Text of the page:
It hasn’t been a good few weeks for microradio.

During the first days of June, the head of the FCC’s Compliance and Information Bureau, Richard Lee, made numerous postings to various free radio discussion areas on the Internet claiming that his department had a done a state-by-state audit of all free radio stations in operation. According to Mr. Lee, the number of stations operating nationwide is less than 200. Lee also said that the stations identified will be dealt with. His messages were met with curious silence.

In mid-month, apparently out of the blue, the California federal judge that granted Free Radio Berkeley a temporary injunction keeping the FCC at bay reversed her decision. Judge Claudia Wilken said that Free Radio Berkeley’s argument – that the FCC’s issuance and allocation of station licenses restricted free speech rights – didn’t hold water because FRB never attempted to get its own license. The FRB folks have promised to appeal.

Meanwhile, the station has voluntarily shut down, and San Francisco Liberation Radio has done the same. In their eyes, the thin veneer of legality the FRB injunction brought to microradio has been tossed aside.

In a slightly comical yet fruitless gesture, a “Free Radio Cedar Tree” took to the hills of Berkeley a short time after Wilken’s new decision came down, broadcasting on FRB’s frequency, and was quickly located and shut down by FCC agents during its inaugural broadcast. The FRB folks deny having anything to do with it.

Less than a week later, a renewed effort on the part of the FCC to “take the initiative” in the fight to crack down on “radio pirates” is launched. Richard Lee himself led a bust against the feisty West Philly Pirate Radio (aka Radio Mutiny). During the raid, Lee turned on the station’s transmitter to broadcast the fact that the station was being shut down!

These moves are having their intended effect of bringing down morale in the microradio community. Some stations are wondering if they too should shut down since Free Radio Berkeley is now off the air. Many wonder if this means they are also more susceptible now to a bust.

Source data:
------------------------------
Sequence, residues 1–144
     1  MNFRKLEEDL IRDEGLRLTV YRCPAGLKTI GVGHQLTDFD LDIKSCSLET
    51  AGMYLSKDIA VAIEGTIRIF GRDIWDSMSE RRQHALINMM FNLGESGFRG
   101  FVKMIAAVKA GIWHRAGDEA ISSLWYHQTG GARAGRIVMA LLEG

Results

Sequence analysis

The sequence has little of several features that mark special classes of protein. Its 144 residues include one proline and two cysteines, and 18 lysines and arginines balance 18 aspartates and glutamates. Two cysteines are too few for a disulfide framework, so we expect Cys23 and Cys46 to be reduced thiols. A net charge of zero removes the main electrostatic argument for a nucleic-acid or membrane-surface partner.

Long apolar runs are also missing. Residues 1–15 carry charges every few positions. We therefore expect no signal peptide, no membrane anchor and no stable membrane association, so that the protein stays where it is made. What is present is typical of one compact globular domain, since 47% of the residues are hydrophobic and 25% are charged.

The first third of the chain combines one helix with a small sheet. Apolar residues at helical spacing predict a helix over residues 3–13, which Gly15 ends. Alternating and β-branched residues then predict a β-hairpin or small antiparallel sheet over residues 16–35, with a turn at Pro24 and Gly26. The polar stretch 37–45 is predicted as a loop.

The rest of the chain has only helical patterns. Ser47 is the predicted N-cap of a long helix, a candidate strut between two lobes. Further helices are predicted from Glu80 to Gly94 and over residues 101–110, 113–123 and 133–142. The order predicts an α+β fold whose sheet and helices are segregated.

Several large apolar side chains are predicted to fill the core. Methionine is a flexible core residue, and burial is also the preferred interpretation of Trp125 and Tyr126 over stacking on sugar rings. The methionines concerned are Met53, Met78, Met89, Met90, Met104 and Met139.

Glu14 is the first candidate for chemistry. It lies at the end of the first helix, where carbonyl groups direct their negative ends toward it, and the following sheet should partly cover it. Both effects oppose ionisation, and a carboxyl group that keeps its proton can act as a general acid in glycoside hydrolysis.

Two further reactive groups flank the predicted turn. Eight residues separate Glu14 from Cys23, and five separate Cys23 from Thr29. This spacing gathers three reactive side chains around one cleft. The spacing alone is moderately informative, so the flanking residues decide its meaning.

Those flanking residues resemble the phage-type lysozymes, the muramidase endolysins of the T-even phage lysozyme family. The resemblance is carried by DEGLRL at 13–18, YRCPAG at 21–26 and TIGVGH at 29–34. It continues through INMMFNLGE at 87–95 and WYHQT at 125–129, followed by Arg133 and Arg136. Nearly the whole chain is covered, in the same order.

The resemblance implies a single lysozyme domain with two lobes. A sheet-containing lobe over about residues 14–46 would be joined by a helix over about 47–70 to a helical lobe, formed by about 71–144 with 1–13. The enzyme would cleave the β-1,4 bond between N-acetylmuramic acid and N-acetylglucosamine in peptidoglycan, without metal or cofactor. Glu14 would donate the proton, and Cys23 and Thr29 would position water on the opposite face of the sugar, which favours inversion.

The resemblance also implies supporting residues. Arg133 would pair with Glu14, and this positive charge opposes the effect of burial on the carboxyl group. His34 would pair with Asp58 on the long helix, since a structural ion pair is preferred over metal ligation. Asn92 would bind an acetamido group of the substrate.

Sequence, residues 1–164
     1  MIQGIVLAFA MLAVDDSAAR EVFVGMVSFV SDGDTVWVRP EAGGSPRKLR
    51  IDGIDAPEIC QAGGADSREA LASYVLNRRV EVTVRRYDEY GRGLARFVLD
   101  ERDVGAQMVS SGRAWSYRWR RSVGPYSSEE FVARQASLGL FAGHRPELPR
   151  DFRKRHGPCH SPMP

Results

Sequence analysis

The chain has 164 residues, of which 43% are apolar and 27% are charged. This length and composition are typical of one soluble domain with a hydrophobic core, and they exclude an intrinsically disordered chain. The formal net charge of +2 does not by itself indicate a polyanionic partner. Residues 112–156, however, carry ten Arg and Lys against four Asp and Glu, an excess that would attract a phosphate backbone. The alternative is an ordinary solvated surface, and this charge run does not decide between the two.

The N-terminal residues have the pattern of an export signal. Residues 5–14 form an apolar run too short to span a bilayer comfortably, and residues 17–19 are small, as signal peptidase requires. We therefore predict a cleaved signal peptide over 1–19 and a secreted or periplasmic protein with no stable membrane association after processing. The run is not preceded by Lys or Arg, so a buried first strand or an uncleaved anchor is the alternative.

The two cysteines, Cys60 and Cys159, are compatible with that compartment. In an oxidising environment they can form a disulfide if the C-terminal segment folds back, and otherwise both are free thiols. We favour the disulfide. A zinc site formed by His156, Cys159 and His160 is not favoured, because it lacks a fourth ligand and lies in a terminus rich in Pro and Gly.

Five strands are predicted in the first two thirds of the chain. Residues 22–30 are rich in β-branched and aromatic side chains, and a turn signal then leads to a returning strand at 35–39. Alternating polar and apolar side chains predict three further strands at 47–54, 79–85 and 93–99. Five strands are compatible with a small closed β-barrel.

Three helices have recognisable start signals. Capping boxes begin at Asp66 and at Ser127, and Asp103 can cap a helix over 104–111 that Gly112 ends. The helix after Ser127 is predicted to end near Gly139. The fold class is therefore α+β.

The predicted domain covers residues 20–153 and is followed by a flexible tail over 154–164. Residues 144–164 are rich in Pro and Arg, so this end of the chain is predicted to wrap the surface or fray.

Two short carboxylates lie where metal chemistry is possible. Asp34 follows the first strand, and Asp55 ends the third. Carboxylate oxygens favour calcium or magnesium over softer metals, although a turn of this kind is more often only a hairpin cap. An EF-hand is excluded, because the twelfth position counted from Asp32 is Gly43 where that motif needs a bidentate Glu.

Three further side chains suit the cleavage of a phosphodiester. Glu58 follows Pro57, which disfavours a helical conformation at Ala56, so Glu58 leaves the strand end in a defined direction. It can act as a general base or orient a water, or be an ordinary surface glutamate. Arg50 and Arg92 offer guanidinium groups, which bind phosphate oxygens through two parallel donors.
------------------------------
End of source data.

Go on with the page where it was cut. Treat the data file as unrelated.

So, let’s review. Free radio’s figurehead takes a serious legal blow, a high-profile station raid takes place, and the FCC’s top cop publicly states that free radio stations’ days are numbered.

All of these events have major possible connotations for free radio and free speech, and should not be taken lightly.

But nothing has really changed. Judge Wilken’s initial decision didn’t offer any real protection from prosecution. Busts continued even after her original decision came down.

While we, collectively, can do nothing to change the outcome of the FRB case or the number of enforcement actions taken against station ops, we CAN continue with our own individual actions. For some, that means staying on the air. For others, it means taking to the air to replace those who have been silenced.

For many, it means continuing the pressure through regulatory channels and other media to make legalized free radio happen.

It’s always easy when the ride is fun. Free radio isn’t fun right now, but to give up now is to ensure defeat.